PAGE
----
Objectives and design: Isolated systolic hypertension (ISH) is the predominant form of hypertension in the elderly population and drug treatment is unsatisfactory. We compared the efficacy of an endothelin-receptor antagonist (darusentan), an angiotensin-receptor blocker (irbesartan) and a thiazide diuretic (hydrochlorothiazide, HCTZ) to prevent and regress pulse pressure (PP) elevation and remodeling of large and small arteries, in a rat model of ISH obtained by the chronic administration of warfarin and vitamin K1 (WK).
Methods and results: Warfarin and vitamin K1 treatment for 4 or 8 weeks led to an elevation of PP, associated with increases in aortic calcium deposition and the ratio of collagen to elastin (C/E). Despite these changes in the composition of the aortic wall, the global structure of the aorta was unchanged. In contrast, an outward hypertrophic remodeling was observed in the middle cerebral artery. An early treatment with all drugs (darusentan, irbesartan, HCTZ) prevented PP elevation, changes of aortic media composition and the development of vascular remodeling. However, after 4 weeks of ISH, only darusentan and irbesartan reduced PP when administered from week 4 to 8. Darusentan was the most effective to regress existent aortic calcification, while only irbesartan reversed small artery hypertrophic remodeling.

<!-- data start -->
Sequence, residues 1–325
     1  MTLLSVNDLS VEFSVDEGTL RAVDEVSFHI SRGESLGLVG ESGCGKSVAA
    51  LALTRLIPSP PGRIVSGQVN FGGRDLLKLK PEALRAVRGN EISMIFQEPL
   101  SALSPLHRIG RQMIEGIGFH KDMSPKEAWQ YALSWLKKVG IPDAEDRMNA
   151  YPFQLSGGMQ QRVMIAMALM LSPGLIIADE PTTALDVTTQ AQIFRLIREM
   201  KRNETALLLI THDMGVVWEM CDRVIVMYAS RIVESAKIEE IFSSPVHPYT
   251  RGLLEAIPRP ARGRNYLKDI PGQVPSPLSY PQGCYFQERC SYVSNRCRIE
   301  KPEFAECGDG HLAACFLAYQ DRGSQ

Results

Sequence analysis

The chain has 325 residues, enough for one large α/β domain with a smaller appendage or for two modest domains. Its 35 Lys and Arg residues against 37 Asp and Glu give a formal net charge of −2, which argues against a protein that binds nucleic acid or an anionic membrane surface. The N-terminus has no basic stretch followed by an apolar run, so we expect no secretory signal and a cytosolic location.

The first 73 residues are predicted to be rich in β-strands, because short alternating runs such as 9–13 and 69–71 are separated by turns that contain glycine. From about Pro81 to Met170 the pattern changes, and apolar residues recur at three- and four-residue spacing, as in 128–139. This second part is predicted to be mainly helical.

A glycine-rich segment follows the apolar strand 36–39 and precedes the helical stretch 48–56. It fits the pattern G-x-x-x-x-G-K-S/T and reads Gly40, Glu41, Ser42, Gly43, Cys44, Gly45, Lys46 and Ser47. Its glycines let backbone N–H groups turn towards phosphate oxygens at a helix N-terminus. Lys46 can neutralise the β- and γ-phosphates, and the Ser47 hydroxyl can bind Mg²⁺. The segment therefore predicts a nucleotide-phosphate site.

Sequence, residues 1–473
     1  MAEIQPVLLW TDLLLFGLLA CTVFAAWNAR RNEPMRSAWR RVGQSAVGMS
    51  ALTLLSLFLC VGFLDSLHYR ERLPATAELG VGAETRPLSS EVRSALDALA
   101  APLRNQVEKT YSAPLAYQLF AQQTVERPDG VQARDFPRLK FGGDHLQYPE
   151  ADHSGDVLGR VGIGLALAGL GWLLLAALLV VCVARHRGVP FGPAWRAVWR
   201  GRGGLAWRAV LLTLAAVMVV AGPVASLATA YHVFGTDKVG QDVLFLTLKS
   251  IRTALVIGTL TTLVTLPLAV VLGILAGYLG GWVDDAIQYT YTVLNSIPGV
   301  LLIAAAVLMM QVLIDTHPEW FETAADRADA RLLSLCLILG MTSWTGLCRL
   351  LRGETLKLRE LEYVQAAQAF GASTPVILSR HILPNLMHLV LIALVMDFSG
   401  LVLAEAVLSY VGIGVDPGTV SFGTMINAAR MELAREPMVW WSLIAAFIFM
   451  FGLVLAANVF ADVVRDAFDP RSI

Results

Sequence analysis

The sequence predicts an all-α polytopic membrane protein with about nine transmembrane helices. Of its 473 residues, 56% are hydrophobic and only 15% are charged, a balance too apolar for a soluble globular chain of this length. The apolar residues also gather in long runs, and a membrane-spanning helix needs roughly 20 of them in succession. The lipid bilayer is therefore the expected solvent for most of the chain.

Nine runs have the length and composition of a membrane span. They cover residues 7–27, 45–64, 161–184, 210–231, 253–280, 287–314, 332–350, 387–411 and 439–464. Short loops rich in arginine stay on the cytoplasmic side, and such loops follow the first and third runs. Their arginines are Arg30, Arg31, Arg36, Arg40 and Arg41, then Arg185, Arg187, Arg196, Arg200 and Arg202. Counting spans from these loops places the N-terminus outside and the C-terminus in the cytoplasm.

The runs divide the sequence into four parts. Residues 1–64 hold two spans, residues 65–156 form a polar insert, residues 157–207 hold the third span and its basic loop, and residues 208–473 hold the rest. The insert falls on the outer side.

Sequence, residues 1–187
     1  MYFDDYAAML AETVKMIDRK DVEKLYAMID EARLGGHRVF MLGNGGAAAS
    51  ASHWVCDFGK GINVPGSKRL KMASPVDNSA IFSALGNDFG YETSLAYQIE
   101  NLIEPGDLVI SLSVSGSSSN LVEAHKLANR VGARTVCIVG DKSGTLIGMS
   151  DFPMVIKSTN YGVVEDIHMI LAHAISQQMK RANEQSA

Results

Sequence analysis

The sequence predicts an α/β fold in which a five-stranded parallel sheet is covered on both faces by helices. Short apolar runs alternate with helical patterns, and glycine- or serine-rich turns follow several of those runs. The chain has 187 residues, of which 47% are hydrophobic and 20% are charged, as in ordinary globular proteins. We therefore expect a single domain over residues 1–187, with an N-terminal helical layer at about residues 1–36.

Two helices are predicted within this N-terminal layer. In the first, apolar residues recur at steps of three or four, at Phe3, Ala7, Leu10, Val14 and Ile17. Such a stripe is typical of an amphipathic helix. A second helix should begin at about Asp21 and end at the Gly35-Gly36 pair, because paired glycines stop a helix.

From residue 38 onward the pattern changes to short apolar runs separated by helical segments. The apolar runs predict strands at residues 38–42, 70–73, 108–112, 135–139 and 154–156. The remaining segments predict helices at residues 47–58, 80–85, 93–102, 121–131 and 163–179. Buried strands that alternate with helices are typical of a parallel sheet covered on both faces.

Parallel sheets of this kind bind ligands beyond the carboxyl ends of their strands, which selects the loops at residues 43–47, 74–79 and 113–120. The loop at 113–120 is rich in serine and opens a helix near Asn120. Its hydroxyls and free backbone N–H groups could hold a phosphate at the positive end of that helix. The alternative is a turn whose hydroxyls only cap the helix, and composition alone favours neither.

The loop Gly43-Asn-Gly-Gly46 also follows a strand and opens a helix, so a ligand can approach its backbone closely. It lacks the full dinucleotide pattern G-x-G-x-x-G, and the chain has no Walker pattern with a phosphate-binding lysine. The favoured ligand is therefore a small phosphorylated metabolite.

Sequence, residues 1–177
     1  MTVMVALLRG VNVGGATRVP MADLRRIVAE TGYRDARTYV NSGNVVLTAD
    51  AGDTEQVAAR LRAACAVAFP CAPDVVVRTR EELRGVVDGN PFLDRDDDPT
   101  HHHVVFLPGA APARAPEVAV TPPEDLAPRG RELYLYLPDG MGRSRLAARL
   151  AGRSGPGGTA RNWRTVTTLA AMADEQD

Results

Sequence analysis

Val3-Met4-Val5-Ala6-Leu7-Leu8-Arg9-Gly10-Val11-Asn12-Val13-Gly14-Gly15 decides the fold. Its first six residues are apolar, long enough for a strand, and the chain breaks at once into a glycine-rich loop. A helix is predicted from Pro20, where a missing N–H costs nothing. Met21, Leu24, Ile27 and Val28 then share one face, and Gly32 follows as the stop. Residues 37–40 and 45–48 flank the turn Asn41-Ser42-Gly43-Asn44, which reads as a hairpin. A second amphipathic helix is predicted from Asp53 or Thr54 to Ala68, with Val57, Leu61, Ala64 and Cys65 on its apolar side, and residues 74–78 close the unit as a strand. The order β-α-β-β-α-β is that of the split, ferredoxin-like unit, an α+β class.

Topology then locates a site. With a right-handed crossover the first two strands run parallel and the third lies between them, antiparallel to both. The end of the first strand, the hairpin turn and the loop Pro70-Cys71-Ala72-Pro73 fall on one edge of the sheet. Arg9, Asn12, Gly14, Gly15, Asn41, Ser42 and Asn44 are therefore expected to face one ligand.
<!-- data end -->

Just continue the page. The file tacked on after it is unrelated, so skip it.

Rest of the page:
Conclusions: During the development of ISH, drug treatment appears more beneficial when started early. Indeed, the three agents prevented PP elevation, aortic calcification and C/E increase in the aorta, and hypertrophy in small arteries. In contrast, once the disease is established, endothelin appears crucial in the maintenance of aortic calcification, while angiotensin II sustains small artery hypertrophy.